Mountain sports enthusiasts can’t deny the draw of Summit County’s ski towns. Breckenridge and Copper Mountain are popular places to hit the slopes, complete with family-friendly activities for any season. Dillon, within easy driving distance of plenty of ski runs, offers world-class sailing and other activities on Dillon Lake. We also offer vacation rentals in the lovely towns of Frisco, Silverthorne, Keystone, and Blue River. You can’t go wrong in Summit County!


The first stopping point as you come up Trail Ridge Road, you’ll find the main parking point for Many Parks Curve Overlook a little way past the curve itself (it’s well marked). Then you leave your car and walk a couple of minutes to the viewpoint. From here you get sweeping panoramic views across much of the south and eastern parts park, all the way back to Estes Park town and up to the mountains, including a view of Longs Peak.

Now, folks are often overwhelmed when they make their first visit to The Park. After all, there are hundreds of miles of trails (in fact there are over 350 miles of trails within RMNP), and dozens of trailheads to explore. So where do you begin? Well, we’re here to help you find the right trail to fit your fitness level, as well as your aptitude at altitude—after all, Longs Peak (the tallest peak in The Park) tops out at a whopping 14,255 feet! Today, we’re going to point out 10 of the easiest hikes you can find in the park. Here’s our list of casual Rocky Mountain National Park Hikes:
Region 2 is the alpine region of the park with accessible tundra trails at high elevations—an area known for its spectacular vistas.[35] Within the region are Mount Ida, with tundra slopes and a wide-open view of the Continental Divide, and Specimen Mountain, which has a steep trail and the opportunity to view bighorn sheep and marmots. Forest Canyon Pass is near the top of the Old Ute Trail that once linked villages across the Continental Divide.[40]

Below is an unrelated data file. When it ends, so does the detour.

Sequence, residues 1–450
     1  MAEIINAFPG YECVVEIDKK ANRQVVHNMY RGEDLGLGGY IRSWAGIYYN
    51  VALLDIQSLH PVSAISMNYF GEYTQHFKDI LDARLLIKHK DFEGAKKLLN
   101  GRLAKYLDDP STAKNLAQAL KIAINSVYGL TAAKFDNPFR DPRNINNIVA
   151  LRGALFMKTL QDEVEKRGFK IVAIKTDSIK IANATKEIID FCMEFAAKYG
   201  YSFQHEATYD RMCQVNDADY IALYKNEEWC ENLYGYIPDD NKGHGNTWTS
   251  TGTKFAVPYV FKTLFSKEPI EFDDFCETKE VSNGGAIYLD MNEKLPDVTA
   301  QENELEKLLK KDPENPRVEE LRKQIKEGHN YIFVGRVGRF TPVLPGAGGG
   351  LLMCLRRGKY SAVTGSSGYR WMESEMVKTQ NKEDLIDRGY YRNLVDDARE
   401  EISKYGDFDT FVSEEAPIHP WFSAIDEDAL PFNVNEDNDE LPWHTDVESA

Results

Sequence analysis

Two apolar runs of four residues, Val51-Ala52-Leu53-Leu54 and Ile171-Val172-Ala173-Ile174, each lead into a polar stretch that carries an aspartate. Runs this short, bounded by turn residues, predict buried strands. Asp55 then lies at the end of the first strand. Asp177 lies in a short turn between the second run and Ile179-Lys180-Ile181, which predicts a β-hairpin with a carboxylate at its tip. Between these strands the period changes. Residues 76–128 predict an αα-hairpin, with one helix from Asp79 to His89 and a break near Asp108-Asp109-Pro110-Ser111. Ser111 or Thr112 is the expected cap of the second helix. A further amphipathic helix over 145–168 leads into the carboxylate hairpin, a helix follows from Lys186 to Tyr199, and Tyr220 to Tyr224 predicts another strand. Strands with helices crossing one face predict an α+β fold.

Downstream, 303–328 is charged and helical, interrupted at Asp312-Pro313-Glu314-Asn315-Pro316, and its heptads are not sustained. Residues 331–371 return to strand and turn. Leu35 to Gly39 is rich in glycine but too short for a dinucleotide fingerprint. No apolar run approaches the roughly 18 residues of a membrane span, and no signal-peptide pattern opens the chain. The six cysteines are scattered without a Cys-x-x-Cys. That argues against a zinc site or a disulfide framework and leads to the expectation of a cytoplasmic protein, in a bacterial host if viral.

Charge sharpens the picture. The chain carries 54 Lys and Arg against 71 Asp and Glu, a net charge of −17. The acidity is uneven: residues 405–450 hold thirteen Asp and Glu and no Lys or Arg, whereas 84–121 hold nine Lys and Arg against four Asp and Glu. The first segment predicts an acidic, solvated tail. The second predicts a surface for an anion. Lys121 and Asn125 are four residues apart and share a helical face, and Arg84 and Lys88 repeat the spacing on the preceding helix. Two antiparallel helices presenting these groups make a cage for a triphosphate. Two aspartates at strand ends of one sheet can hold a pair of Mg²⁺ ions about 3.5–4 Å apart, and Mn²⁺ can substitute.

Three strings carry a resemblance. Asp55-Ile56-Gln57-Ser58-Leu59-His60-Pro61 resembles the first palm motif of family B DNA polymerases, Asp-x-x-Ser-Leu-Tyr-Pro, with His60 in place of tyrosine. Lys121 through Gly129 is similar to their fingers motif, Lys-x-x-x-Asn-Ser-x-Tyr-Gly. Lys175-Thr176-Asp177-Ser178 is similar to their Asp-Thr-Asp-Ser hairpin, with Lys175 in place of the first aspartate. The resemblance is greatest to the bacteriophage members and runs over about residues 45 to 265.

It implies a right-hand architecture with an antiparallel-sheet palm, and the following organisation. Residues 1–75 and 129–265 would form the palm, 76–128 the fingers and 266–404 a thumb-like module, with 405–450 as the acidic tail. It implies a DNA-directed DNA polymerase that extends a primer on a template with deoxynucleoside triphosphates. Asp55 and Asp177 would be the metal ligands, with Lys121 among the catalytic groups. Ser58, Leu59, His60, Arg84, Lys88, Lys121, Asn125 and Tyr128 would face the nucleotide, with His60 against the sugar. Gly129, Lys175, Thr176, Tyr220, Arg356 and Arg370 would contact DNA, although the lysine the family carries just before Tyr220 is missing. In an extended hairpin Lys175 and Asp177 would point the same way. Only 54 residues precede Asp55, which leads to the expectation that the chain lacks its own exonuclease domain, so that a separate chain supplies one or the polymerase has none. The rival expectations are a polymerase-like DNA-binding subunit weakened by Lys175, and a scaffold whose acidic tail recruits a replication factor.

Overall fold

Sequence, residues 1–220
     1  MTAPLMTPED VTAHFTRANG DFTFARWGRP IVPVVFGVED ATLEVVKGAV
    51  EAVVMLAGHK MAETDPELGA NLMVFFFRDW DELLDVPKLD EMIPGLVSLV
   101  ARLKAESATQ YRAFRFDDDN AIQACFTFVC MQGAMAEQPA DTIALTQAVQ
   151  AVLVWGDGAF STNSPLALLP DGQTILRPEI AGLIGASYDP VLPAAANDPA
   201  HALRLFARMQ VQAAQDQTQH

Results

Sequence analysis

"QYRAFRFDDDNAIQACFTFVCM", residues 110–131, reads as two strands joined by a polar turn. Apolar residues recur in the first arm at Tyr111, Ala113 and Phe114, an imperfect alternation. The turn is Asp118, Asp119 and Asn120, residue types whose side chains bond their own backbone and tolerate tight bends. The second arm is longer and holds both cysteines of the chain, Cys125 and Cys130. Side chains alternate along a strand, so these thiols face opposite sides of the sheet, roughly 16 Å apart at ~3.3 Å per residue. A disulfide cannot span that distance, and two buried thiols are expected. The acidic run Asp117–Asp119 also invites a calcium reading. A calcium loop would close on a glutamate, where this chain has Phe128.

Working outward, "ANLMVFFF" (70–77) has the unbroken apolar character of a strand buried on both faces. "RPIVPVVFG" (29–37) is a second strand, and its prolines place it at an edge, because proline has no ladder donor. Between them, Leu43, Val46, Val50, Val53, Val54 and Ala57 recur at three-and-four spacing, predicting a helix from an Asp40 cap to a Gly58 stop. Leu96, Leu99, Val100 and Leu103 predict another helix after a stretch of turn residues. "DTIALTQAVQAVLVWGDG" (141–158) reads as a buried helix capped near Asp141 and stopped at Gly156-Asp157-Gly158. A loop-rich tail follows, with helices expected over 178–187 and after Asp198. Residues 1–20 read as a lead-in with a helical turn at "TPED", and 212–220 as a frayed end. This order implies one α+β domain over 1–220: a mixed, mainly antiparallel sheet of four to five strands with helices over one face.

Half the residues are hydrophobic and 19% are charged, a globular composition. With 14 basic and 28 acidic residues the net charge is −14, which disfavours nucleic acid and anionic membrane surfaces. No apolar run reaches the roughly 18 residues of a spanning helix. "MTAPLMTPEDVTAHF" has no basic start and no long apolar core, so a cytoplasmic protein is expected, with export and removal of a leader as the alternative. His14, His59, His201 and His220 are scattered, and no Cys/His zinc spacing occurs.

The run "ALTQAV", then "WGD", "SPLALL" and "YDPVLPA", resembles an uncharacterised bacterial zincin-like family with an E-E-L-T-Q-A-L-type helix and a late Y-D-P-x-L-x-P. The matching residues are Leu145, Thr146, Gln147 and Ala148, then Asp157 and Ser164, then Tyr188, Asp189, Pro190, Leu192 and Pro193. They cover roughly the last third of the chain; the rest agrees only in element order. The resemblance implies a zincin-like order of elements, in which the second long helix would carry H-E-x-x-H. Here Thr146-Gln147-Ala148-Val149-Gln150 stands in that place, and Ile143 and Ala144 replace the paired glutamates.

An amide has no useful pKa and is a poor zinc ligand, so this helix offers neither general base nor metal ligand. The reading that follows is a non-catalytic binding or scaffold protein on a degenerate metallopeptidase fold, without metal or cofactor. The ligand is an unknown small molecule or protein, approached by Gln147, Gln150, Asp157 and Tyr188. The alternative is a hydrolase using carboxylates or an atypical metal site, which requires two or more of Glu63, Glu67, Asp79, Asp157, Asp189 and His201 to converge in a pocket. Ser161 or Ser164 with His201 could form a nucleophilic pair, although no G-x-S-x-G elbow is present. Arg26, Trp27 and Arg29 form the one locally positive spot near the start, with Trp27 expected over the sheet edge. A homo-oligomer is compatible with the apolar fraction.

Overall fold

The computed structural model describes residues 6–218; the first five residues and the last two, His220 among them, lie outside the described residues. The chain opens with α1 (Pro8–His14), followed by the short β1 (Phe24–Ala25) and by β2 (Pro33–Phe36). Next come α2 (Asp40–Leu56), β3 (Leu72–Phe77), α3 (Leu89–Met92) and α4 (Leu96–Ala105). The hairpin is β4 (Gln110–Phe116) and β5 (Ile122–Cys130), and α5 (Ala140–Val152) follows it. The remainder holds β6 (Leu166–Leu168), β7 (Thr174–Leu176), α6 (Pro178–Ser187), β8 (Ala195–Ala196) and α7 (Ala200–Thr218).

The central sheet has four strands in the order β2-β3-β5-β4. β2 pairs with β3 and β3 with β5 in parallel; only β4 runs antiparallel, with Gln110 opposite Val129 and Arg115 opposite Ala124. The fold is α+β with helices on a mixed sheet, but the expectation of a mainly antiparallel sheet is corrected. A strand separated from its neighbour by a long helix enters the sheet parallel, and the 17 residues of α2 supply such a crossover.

At about 68 million years ago, the Front Range began to rise again due to the Laramide orogeny in the west.[58][59] During the Cenozoic era, block uplift formed the present Rocky Mountains. The geologic composition of Rocky Mountain National Park was also affected by deformation and erosion during that era. The uplift disrupted the older drainage patterns and created the present drainage patterns.[60]
AARP/Senior Discount ADA Compliant Air Conditioning Airport Shuttle American Express Bus/RV Parking Business Check Cash Corporate Rates Diners Club Discover Family/Kid Friendly Fireplace Flat-Screen TV Full Kitchen Golf Nearby Group Discount Group Friendly Group Meeting Space Hair Dryer Hot Tub Iron & Ironing Board Kids Stay FreeKids Stay Free (some restrictions) Kitchenette MasterCard Microwave OvenMilitary Discount Personal Check Pet Deposit Required Pet Weight LimitPets Must Be On Leash Pets Not Allowed Pool - Heated Pool - OutdoorRefrigerator Restaurant(s) On Site Restaurant(s) Walking Distance Service Animals Only Service Animals Welcome Some Pet Restrictions Spa FacilityTennis Court(s) Travelers Check TV - Satellite VISA WIFI WIFI - Free Throughout
Lulu City, Dutchtown, and Gaskill in the Never Summer Mountains were established in the 1870s when prospectors came in search of gold and silver.[19] The boom ended by 1883 with miners deserting their claims.[20] The railroad reached Lyons, Colorado in 1881 and the Big Thompson Canyon Road—a section of U.S. Route 34 from Loveland to Estes Park—was completed in 1904.[21] The 1920s saw a boom in building lodges and roads in the park, culminating with the construction of Trail Ridge Road to Fall River Pass between 1929 and 1932, then to Grand Lake by 1938.[22]
Trail easy to follow, mostly a trench with packed down snow. I tacked this onto Cub Lake Trail and made a loop. Fern TH to the pool is super easy (1.7 miles), no need for traction. Elevation starts after the bridge and doesn’t quit until Fern Lake. Last half mile of the trail has deep snow and it’s easy to post hole. Started this today (1/10) at 8AM, only person parked at TH (cub lake), did not see a single person until hiking back down from Fern.
Whether you've come to ski, snowboard, enjoy the views, attend a festival, hike, mountain bike, or to enjoy world-class golf-courses, Ski Colorado Vacation Rentals can help you with your Summit County vacation home rental needs. We offer homes, townhomes, cabins, ski-in ski-out luxury condos and other vacation rentals in Breckenridge and nearby Silverthorne.
The Pool is a large turbulent water pocket formed below where Spruce and Fern Creeks join the Big Thompson River. The winter route is along a gravel road, which leads to a trail at the Fern Lake trailhead. Along the route are beaver-cut aspen, frozen waterfalls on the cliffs, and the Arch Rocks.[44] The trail to Alberta Falls runs by Glacier Creek and Glacier Gorge.[44]